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# What voltages i can obtain from ATX by combine the outputs? Answered

I have not opened an atx, to measure the outputs to understand. I google it and i find like -12 with +12 you get 24V, -5v and +5V you get 10V but no one say all the outputs. What happens if i connect +12V with -3,3V, or others.

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All the atx voltages on the outputs share a common ground/earth, so nothing can be combined to increase or decrease existing voltages, what you see is what you get.

Sorry, I disagree.

You may be confusing the Common 0V pole with Ground/Earth, which is different here.

The stated voltages are potential to the 0V common.

Actual Ground/Earth is not a factor in this at all, except for grounding the case for safety.

Cheers!

On my atx psu the ground leg on the AC input side is the same as the 0V black leg on the DC outputs as well as the case.

Measured 1 ohm on my DMM, so for all practical reasons is the return path.

So then why when you connect -12V with +12V you get 24V? This question is from the perspective of making a power Supply!! This is what i talk about: http://i41.tinypic.com/14b6p77.jpg , but are more other combination to obtain other voltages and i want to know them before i begin to disassembly the ATX .

What you're measuring is a potential difference between -12 and +12v and there's a difference between theory and practice, theoretically there is 24v according to your meter, but practically you wont actually have a load working at the combined 24v for any practical length of time.

You wrote: "...but practically you wont actually have a load working at the combined 24v for any practical length of time"

IMO the atx circuits are designed to have a load on the V outputs, eg +12V , with the return path being the chassis ground.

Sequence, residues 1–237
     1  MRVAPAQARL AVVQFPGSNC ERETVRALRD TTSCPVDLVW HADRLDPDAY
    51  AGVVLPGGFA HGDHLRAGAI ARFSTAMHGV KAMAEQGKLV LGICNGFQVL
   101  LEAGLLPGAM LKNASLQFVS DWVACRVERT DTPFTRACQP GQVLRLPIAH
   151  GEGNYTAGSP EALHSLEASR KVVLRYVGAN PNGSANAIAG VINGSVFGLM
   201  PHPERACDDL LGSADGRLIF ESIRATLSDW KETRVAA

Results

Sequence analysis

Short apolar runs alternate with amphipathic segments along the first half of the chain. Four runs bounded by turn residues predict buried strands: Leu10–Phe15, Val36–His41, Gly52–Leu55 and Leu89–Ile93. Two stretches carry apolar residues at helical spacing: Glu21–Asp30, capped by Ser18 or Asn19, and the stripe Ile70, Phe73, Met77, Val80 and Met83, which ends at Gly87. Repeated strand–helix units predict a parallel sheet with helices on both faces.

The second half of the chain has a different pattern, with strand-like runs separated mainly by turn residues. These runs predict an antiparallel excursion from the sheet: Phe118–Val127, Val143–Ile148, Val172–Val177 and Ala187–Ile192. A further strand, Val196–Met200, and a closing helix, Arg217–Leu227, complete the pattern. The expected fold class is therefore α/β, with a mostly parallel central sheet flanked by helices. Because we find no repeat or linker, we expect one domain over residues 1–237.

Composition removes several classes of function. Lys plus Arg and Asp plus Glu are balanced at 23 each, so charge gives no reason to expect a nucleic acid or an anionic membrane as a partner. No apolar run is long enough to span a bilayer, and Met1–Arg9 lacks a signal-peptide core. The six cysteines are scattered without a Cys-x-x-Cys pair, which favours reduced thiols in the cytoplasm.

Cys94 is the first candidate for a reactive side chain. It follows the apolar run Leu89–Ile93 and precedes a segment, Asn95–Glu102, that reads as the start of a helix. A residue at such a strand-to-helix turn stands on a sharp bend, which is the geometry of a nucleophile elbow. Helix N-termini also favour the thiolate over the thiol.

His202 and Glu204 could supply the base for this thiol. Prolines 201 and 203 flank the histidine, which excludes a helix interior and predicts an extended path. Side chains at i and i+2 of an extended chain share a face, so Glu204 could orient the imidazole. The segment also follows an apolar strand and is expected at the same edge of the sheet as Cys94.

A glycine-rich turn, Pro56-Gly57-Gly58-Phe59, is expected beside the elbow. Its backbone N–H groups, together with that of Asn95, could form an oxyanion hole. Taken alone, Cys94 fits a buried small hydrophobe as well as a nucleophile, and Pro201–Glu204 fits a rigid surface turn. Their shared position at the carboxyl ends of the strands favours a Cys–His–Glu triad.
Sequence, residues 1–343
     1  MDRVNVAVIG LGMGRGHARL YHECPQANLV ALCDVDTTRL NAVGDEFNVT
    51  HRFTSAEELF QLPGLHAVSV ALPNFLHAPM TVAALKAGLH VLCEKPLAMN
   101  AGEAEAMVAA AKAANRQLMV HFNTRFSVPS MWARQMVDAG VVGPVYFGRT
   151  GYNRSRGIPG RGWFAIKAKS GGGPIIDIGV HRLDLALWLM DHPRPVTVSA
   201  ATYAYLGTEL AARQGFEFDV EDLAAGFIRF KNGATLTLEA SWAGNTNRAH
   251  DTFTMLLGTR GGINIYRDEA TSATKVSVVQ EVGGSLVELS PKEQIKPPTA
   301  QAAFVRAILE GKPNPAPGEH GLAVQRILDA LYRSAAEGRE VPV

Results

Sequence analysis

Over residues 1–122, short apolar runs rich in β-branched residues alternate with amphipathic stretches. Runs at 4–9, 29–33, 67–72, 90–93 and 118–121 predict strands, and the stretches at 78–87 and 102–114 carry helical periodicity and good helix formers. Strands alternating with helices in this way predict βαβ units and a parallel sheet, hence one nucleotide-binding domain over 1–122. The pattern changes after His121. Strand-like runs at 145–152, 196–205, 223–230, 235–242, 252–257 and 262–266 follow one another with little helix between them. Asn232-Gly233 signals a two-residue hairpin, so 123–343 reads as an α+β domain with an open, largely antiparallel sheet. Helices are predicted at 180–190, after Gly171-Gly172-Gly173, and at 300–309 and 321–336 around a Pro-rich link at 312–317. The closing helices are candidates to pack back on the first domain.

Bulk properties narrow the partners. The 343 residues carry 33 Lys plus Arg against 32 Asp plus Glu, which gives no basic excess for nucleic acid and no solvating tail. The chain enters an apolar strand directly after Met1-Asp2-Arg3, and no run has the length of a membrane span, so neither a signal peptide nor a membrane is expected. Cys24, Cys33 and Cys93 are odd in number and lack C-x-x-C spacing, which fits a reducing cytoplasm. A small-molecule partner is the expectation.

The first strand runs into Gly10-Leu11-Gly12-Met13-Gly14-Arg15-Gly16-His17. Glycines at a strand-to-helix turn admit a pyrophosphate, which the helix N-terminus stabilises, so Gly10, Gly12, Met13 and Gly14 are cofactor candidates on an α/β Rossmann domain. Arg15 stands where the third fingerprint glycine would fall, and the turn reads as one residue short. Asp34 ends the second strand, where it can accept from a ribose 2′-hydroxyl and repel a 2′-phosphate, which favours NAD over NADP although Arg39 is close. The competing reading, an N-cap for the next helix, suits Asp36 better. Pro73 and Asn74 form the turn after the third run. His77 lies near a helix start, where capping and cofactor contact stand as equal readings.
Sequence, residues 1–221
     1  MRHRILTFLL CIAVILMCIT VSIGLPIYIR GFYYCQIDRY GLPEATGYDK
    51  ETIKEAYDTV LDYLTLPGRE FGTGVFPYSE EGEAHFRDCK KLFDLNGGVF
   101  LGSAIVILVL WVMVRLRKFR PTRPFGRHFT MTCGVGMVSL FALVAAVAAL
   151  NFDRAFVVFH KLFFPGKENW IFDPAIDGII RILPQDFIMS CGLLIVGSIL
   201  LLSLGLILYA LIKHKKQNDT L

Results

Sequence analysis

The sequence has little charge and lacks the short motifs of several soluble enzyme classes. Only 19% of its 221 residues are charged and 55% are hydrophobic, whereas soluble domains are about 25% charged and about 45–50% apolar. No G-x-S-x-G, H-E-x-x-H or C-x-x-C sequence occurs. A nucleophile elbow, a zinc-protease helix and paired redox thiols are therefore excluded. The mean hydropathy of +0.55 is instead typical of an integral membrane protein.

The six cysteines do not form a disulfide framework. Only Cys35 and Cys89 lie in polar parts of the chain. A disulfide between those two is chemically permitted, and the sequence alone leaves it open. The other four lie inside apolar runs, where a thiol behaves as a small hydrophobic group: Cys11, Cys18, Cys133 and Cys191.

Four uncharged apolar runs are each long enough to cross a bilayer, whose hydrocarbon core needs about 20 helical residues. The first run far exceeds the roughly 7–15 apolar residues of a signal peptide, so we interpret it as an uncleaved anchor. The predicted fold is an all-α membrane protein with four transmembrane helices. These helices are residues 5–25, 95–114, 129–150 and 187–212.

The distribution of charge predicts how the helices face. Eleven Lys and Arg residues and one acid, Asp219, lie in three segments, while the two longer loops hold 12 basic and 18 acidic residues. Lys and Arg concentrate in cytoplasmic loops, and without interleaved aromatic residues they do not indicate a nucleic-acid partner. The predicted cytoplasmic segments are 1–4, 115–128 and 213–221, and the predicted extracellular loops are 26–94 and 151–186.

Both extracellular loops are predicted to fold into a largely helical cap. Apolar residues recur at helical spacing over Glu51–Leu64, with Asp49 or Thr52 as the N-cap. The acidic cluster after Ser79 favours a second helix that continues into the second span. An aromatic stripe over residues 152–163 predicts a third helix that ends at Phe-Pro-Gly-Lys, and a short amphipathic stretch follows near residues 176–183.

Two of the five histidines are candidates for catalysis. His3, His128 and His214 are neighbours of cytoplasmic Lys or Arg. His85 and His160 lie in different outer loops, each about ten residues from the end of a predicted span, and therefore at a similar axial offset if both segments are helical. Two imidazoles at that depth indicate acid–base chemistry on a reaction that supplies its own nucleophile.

You in essense are hooking up 1 neg load path and trying to use another pos load path as the return, instead of the chassi/ground, which is how it was designed to operate.

Because you will STILL have +12 and -12 with respect to 0V, and 24 V across the ends. You WON'T have 24V with respect to ground, and you'll only be able to take current at the maximum rating of the lower rated supply - so if you have +12@10A and -12@1A you will be able to have a 24V @ 1A output.

Your confusing your terminology - If you measure between + 12 and -12 you will measure 24 volts.

You don't get different voltages by combining the different voltage outputs. You'll blow up your power supply. -5v means it's a ground for a 5v output, combining it with a 5v output will just route the 5v directly to ground. Combining different voltages will burn out the lower voltage capacitors on the lower voltage outputs as you will be feeding a higher voltage to them from the higher voltage outputs. This is also why you cannot just take a cable and plug it from one computers usb port to another.

Sorry, Darryl, (perhaps I'm not reading you right, but) not only are you wrong about what -5V means, you are making assumptions about USB connections that are irrelevant to your statement about the voltages.